Vaccines for Travel Nurses


LOUISVILLE, Ky. — Nurses have noticed the slow COVID-19 vaccine rollout across the country, including closer to home at UofL Health. Some travel nurses working in the ICU at UofL Health Jewish Hospital have yet to receive their first round of the vaccine.


What You Need To Know

  • Some travel nurses at UofL Health have yet to receive first round of COVID-19 vaccine
  • Securing a shot elsewhere has also been hard, one travel nurse says
  • UofL Health Chief Medical Officer says no one is being singled out, difficult to coordinate the logistics of getting travel nurses the vaccine
  • Nurses hoping to receive an invite sooner rather than later

The tough times nurses have endured throughout the pandemic can’t be overstated. When many people were staying safe at home, nurses faced the frontlines to treat patients.

“This is a year that I have zipped more body bags than I have ever zipped in my life,” said Kelly Fleming, RN, BSN, BS, who works in UofL Health Jewish Hospital’s ICU. 

Fleming is a travel nurse, a contract worker with UofL Health. It means she’s not permanent staff. Travel nurses like Fleming can move hospitals and between floors, working where there’s the greatest need.

But lately, Fleming and some of her coworkers have felt slighted. Weeks into the coronavirus rollout, she’s still not received an invitation to get the shot herself. Instead, she’s watched as other nurses get vaccinated. Travel nurses are left off the lists, so far.

“Being the only ones that aren’t vaccinated, we’re the ones going to the COVID[-19] patients, and then we’re being sent back to our home floors, and we deal with some of the most immunocompromised people in the hospital,” she explained.

Another nurse, who wishes not to be identified, told Spectrum News 1: “That just sank my heart. I was way more hopeful and I guess I shouldn’t have been. I’m left behind, and I’m not moving toward the progression of being able to make everything [safer].”

Fleming said she reached out to hospital staff to inquire as to whether the exclusion of travel nurses was a mistake. Instead of hearing they were overlooked, the email she forwarded to Spectrum News 1, signed by UofL Health’s HR Team, states, “traveling nurses will eventually receive an invite but we do not know what date that will be yet.”

Securing a shot elsewhere, outside of UofL Health, has proven to be challenging, too, Fleming said. She’s mostly worried she’ll infect a patient.

“Not having that vaccine really weighs on us and makes us feel that we could put them in harm’s way. That’s where our frustrations lie for the most part,” Fleming added. “The worst thing that’s going to happen to them is to get COVID, and that’s I think our biggest fear, is being the only thing that stands between them and a successful healthy life.”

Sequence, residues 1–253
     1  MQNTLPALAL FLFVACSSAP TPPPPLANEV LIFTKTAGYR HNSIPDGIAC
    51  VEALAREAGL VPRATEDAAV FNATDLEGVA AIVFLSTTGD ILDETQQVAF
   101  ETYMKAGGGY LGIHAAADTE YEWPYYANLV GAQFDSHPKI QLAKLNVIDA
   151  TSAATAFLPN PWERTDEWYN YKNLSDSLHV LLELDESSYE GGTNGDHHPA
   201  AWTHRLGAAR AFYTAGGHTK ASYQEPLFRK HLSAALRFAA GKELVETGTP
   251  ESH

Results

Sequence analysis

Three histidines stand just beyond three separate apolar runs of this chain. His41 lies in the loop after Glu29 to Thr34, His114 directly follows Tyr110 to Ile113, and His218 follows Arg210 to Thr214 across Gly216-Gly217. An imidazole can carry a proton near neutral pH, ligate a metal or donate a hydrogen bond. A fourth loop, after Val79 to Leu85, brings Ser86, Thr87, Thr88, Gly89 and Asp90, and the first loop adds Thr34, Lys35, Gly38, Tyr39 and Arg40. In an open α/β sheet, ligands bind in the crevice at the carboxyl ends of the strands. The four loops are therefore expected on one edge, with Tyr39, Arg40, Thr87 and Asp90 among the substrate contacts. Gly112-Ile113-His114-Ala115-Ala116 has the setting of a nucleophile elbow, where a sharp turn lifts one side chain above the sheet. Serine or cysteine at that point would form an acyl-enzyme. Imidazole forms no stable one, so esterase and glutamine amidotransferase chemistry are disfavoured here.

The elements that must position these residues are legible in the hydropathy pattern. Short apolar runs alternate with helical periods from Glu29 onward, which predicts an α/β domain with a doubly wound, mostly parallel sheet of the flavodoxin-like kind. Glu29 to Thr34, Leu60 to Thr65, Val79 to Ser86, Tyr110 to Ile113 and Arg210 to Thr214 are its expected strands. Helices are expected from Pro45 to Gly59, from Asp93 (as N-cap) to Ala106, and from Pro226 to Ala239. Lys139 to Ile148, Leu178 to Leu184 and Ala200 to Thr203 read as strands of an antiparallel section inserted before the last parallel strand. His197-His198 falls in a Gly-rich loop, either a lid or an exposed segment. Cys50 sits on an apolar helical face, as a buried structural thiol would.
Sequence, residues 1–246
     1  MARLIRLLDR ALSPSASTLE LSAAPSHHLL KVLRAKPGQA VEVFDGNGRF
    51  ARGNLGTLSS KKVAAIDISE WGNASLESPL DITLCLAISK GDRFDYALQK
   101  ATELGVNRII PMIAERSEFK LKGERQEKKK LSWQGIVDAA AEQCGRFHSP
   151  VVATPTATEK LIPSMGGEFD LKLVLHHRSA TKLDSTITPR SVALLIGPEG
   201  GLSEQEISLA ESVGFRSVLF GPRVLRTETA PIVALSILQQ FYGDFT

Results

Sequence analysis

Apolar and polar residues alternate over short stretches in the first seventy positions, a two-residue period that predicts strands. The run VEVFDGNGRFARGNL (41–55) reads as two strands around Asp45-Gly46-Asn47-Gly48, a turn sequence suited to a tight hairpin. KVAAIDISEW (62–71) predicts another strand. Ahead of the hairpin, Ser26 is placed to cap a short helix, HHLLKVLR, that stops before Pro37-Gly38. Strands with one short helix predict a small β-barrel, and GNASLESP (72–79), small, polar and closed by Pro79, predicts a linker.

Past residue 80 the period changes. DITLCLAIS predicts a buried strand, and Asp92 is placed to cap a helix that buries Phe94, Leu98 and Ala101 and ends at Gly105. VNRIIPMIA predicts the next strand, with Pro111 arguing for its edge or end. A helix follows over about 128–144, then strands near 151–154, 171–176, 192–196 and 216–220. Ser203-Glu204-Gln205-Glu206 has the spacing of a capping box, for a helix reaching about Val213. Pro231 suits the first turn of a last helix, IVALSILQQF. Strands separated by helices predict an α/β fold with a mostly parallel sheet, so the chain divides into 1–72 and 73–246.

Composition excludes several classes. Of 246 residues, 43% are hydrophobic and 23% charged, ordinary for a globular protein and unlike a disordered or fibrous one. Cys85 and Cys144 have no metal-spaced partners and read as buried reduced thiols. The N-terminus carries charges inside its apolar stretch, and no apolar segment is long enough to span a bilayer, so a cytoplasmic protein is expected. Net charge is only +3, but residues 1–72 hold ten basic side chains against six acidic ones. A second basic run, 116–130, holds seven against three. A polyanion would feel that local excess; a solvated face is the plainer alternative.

UofL Health’s Chief Medical Officer Dr. Jason Smith said the likelihood of COVID-19 being transferred nurse to patient is low, although it has happened at the hospital before.

“That’s not a huge mode of transportation of this virus, between patient and staff or staff-to-patient,” Smith said.

Smith implied he would not hold a nurse responsible for infecting a patient if all the proper hospital procedures are being followed, saying: “I will never fault any of the nurses that are taking care of our patients and either worried about giving a patient this virus. If they are following our protocols, the risk of transmission is very small. They are asked to do a very difficult job, and we want to be here to support them.”

He said no one is being singled out of the vaccine rollout.

“It’s not about withholding anything. I want to reiterate, there’s nothing discriminatory about this. I really want them to get this, and I think our job right now as a healthcare system is to do everything we can to get this vaccine out to people,” said Smith.

He claimed it’s difficult to coordinate the logistics of getting travel nurses the vaccine, in getting contact information from their companies’ HR departments, since they are not directly employed by UofL Health.

Still, the nurses are hoping to get the invites sooner rather than later. Smith said another round of email invites went out Thursday, and more will go out Monday.

So far, Fleming and her unidentified coworker say they have not been invited, but were told when they again inquired, “hopefully next week.”

Fleming and her coworker are employees of Aya Healthcare, a travel nurse agency. Aya Healthcare issued the following statement:

“While the majority of the hospitals where our travelers are assigned have been including travel nurses in their vaccination efforts, some have not. Travel nurses have been on the front lines of the fight against COVID-19 and have put themselves in harm’s way to provide care to communities throughout the country. Hospitals have turned to travel nurses in a time of crisis to ensure that their patient population has adequate care.

“Since staffing agencies like Aya Healthcare are currently not recipients of vaccines, we strongly encourage all hospitals to offer the vaccine to travel nurses. They have no other way to receive the vaccine than through the healthcare facilities where they are supporting. It’s simply the right thing to do to protect the healthcare workers who have risked their safety to provide care in these communities.”

Editor’s Note: Kelly Fleming is the significant other of another Spectrum News 1 employee. Stay with SN1 as we continue to follow the story.




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